The OLED Touch Bar promises to revolutionize shortcuts, so is it worth the cost?
When it comes to choosing the right MacBook Pro model, it’s not just size that usually differentiates the 15-inch models from the 13-inch models. If what you need is high performance, the bigger Pro is where you get it. This is the top-end 15-inch model, in which all components bar memory are improved over the base-level model’s 2.6GHz processor, AMD Radeon 450 Pro graphics, and 256GB of storage.
Both models feature the new Touch Bar.
Let’s get straight to the Touch Bar. This adaptable strip shows different options depending on what you’re doing. Select a file in Finder and it shows options, such as to add tags. Select text in Pages and it shows formatting options. Create a table in your document and it displays controls to add rows or columns.
System dialog options are shown to save choosing one with the trackpad.
Physically, the bar feels great, with a super-smooth matte finish that’s different to the iPhone or Apple Watch’s glass. It’s great at resisting reflections, though the screen quality is a little disappointing compared to Watch’s similar OLED screen, and the pixels seem to sit quite deep under the surface. Brightness adjusts automatically, using a separate ambient light sensor to the one for the display and keyboard backlight. You have no control over this — and we’re unsure Apple has got it quite right. Usability isn’t affected in practice, but we had hoped for a little more vibrancy.
The bar’s potential is best revealed in apps like Keynote, where formatting text normally requires switching to the Text pane.
The bar’s context-sensitive nature means you no longer have to; with the Arrange pane open, when you click a text box, formatting options appear on the bar. You effectively have two panes open at once, affecting the same box, without extra windows obscuring content.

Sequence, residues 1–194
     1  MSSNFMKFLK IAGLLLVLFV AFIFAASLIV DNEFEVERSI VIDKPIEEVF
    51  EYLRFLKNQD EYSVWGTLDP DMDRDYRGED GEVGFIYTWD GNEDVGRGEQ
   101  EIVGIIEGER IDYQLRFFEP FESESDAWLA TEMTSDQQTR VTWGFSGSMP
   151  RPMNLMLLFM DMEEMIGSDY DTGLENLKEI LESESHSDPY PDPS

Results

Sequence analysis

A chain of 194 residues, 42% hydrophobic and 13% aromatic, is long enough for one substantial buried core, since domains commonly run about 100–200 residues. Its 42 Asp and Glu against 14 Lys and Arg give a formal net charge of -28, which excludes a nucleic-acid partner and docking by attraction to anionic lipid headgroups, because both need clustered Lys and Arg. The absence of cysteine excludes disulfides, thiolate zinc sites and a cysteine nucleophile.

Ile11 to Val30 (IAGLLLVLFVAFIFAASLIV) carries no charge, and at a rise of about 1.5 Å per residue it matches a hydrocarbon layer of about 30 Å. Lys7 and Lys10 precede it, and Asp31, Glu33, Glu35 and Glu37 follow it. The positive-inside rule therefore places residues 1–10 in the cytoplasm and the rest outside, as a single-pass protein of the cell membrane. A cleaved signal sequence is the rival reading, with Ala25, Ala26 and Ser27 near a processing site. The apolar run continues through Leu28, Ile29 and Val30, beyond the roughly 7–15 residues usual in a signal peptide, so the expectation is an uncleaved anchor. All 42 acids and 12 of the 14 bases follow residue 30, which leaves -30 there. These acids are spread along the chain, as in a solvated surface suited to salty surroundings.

Shortcuts on the bar are more flexible than key combos, being able to show submenus or precise controls. Pixelmator, say, shows brush size sliders you control with one hand, while your other hand stays on the trackpad.
In System Preferences, you can choose whether the Touch Bar shows app controls and a collapsed Control Strip (some of the features that were previously on the function keys) or just one of those, and what’s shown when Function is held down — numbered function keys are an option. You can rearrange items, controls, and add new ones in some apps, too.
Is the Touch Bar worth all the fanfare? It depends on how your apps use it, and your habits. We’re using it a lot in Pixelmator and iWork apps, but it has little impact on writing or in Photos, use in iMovie is minimal, and you can’t see what’s going on in Safari’s tab thumbnails (though it’s nice when your favorite sites’ icons are shown). Still, it didn’t take long for us to start reaching for the Touch Bar on other Macs, which tells you something. That’s also true of the Touch ID sensor at the bar’s right end. Once you start using it, you’re completely sold, just like on iPhone.
LET’S GET GRAPHICAL